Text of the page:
Azle Texas Probate Attorney Ronda S. Haynes

Muniment of Title Proceedings in Texas

Probating an estate is a legal process that allows for the Transfer of Assets and payment of debts for a Decedent. Without some legal proceeding, there is no individual with the legal authority to sign transfer documents or handle closing out the Decedent’s affairs.

What is Muniment of Title?

Probating a Will as a Muniment of Title is an abbreviated form of probate where an Executor is not appointed. There is no administration of the Estate since there are no debts. This particular process is unique to Texas, and there are many states that are not familiar with this process.

What are the Requirements for a Muniment of Title?

In order to utilize the Muniment of Title process, a person must show the following:

  1. Decedent died having a valid Last Will and Testament;
  2. There are no unpaid debts of the Estate, other than debts secured by liens on real property;
  3. That there is no necessity for administration, because there are no creditors.

How is Property Transferred Under a Muniment of Title?

Once a Will has been admitted to probate as a Muniment of Title, then each person who owes money to the estate, has custody of property, acts as registrar or transfer agent of any evidence of interest, indebtedness, property, or right belonging to the estate, or purchases from or otherwise deals with the estate should pay or transfer the asset without liability to a person described in the will as entitled to receive it.

In order to transfer property, a person only needs to supply the transferee with a certified copy of the Order Probating Will as Muniment of Title and a certified copy of the Will. The Order and Will are the only documents necessary to effect transfer.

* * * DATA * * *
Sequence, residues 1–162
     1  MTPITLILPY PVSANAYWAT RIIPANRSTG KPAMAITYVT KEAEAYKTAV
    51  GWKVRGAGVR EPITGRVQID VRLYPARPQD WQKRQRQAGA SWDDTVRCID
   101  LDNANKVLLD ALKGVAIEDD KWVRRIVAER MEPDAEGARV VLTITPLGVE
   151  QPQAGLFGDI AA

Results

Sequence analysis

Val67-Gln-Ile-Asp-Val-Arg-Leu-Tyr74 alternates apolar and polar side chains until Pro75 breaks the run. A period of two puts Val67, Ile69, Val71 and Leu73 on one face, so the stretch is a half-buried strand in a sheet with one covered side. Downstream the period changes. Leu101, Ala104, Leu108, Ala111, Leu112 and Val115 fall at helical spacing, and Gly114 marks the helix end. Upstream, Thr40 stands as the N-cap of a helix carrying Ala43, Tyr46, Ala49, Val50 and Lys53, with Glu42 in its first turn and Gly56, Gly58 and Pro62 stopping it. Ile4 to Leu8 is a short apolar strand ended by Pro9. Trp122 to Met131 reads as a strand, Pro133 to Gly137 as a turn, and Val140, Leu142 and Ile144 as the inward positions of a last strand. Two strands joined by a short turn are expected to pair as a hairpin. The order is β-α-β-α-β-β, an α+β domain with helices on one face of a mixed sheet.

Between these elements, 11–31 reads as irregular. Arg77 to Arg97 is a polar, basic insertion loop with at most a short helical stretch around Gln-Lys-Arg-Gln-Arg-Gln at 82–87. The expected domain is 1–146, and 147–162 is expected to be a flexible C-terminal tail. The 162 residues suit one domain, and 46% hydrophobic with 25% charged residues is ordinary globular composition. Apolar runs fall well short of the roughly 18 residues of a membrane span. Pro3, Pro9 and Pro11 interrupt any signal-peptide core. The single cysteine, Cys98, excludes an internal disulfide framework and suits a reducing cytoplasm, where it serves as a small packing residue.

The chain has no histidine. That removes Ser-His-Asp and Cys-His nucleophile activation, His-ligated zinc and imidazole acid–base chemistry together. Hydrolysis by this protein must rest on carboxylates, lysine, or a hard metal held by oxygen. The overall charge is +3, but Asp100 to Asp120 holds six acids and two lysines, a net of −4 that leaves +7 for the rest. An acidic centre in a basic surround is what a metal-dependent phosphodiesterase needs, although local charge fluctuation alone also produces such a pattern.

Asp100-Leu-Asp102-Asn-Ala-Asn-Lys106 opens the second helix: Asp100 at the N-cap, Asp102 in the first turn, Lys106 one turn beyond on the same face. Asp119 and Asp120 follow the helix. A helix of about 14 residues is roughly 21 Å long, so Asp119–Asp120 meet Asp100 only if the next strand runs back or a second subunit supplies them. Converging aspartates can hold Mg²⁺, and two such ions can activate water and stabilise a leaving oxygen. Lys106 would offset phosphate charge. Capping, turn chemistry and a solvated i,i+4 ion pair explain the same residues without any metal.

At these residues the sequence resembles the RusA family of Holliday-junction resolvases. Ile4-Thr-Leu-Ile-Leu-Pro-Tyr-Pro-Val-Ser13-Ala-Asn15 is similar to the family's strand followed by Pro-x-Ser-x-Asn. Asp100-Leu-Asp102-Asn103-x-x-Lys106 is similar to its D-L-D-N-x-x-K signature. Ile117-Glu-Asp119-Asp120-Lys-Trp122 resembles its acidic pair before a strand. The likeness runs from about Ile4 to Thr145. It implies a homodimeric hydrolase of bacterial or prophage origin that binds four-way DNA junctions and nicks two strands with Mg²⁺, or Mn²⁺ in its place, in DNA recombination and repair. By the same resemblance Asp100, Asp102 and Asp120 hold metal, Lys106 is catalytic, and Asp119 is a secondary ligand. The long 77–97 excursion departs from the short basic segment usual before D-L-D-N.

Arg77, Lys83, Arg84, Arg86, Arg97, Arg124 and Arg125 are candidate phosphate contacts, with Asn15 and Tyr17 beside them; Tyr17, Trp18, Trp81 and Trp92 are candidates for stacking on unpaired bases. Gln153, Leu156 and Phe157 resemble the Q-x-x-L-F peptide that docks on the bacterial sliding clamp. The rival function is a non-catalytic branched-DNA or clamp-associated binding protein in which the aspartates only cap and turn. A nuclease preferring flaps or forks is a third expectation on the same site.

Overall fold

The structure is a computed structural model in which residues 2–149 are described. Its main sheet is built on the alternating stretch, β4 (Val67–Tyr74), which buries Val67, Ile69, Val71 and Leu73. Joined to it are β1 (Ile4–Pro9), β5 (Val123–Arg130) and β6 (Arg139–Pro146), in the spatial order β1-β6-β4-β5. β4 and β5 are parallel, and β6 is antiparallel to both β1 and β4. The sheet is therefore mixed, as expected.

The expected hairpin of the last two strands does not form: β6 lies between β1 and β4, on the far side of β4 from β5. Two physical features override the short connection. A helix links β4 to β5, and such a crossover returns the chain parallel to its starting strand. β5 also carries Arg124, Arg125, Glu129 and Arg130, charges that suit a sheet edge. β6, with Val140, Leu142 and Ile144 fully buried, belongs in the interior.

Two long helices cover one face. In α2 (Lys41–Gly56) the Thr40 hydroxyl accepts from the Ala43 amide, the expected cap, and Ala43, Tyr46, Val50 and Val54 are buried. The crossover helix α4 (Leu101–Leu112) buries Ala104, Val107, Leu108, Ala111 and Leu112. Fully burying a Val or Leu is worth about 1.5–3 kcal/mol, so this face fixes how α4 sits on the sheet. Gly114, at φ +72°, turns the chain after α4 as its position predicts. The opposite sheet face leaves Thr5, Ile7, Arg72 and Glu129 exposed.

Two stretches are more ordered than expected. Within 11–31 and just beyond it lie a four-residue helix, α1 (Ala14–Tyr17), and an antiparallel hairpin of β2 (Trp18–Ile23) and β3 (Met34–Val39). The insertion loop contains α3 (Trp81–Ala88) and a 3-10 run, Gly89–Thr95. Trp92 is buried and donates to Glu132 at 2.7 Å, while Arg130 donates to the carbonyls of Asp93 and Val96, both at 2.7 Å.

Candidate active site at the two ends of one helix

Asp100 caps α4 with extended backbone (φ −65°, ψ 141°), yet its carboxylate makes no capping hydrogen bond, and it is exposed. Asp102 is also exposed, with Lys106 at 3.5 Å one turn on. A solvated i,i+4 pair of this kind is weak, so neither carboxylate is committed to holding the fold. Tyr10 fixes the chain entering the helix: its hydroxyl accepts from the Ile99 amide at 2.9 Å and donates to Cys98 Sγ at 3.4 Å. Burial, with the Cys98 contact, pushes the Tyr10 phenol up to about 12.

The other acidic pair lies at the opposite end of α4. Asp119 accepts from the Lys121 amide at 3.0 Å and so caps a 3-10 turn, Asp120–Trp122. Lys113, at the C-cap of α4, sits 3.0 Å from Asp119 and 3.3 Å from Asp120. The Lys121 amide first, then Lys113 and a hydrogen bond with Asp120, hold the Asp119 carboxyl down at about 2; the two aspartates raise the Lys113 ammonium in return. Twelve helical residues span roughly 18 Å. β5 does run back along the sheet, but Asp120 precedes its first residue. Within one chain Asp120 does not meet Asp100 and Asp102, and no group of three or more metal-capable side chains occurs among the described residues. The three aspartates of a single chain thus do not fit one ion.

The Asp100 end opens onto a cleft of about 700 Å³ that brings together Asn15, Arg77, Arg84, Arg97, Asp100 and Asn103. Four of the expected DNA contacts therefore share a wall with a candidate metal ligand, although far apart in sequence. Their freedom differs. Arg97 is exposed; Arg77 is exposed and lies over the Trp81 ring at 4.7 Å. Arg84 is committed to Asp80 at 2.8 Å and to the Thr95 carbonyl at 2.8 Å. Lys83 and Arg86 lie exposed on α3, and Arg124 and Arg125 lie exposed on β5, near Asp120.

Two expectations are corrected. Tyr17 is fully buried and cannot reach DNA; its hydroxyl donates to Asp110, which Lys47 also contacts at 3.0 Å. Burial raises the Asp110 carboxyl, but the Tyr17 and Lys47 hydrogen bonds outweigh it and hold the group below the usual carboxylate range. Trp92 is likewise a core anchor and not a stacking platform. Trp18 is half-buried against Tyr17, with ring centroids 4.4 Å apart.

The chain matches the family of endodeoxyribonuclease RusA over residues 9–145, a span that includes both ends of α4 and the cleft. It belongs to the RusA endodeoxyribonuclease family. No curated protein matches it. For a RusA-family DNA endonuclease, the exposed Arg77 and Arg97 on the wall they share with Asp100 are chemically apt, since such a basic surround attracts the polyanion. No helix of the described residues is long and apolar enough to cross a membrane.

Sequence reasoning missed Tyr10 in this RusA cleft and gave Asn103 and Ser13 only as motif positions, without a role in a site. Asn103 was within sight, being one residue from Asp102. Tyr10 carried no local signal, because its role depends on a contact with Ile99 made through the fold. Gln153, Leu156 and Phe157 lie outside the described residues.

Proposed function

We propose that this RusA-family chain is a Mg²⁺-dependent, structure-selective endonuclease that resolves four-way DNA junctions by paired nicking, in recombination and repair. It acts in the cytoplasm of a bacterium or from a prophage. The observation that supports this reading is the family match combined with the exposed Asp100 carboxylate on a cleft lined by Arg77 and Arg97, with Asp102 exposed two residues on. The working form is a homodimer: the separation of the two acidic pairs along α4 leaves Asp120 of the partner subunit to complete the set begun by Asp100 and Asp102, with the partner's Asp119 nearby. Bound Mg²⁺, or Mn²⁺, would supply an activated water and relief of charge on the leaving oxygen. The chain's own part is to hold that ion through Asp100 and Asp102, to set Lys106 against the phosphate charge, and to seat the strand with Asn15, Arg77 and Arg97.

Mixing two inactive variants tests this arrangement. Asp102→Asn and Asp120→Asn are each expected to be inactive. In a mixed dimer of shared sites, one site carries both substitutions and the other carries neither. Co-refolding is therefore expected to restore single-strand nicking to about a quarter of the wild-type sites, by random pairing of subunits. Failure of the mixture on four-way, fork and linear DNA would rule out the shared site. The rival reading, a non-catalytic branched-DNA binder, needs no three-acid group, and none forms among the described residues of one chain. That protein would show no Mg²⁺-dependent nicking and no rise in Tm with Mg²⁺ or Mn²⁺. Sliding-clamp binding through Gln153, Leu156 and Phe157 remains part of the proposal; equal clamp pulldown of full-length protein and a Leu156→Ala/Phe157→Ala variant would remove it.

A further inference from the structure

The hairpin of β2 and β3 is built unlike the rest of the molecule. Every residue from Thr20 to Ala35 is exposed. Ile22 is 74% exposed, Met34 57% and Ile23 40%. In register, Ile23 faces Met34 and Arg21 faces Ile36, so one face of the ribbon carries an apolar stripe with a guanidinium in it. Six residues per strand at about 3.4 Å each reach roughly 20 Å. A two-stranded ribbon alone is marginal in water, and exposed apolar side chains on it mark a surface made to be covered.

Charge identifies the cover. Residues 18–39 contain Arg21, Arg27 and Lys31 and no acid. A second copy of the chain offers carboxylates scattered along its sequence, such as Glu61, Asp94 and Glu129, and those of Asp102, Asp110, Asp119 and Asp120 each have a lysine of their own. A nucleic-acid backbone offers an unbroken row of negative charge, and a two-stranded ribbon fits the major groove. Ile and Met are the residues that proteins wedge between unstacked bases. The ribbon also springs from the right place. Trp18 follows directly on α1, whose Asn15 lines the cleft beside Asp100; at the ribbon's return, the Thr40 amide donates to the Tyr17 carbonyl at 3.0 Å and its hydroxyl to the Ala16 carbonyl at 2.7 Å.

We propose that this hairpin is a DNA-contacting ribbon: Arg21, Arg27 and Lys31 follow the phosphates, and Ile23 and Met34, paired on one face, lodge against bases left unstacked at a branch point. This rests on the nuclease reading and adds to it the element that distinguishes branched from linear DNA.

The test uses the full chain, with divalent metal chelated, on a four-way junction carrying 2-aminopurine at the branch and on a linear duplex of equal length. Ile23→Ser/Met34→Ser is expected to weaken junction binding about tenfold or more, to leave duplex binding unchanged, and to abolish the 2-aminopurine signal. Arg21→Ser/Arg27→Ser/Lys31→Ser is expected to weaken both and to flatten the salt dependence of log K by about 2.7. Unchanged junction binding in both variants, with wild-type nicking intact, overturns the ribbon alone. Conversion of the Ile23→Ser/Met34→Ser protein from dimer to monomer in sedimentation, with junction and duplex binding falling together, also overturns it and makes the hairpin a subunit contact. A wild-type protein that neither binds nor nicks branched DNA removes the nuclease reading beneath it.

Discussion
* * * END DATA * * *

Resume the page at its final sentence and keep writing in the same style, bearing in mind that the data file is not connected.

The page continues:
What Assets Can Transfer Under a Muniment of Title?

In theory, an Order probating a Will as a Muniment of Title could act to transfer any property the decedent owned. Unfortunately, most banking institutions and brokerage firms will not accept a Muniment of Title. For this reason, a Muniment of Title proceeding is generally used when the only asset in the estate is real property. This is not to say it cannot be utilized, but many times it is not effective.

Help With Muniment of Title Proceedings

If you have been named as the Executor under a Will, you should try and find out what assets the Decedent owned at his or her death, and what debts may be owed, if any. The more familiar you are with the estate, the easier it is to determine whether a Muniment of Title proceeding is right for you. Once you have gathered enough information and located the original Will, schedule an appointment with our knowledgeable, experienced Probate Attorney. We are here for you, every step of the way. If you have more questions please read through Probate Frequently Asked Questions page.

Very professional, caring, interested in what ever your problem may be.
Can’t say enough good about her!
Bill A.
Ronda is top notch! Always replied when I had questions.
Very affordable and worked with me! Would give 100 Stars if possible!
Darla D.

Hired Ronda for an adoption and a name change. She was very caring and did a great job. We are so glad we found her. I highly recommend her to anyone needing help with any family law matters!

Taylor Van

Ronda has been amazing!!! She was there for everything I needed her for during a very hard time. She answered a million questions for me. She was super helpful. I would recommend her to anyone needing help. Thank you again!!

Matt Billarreal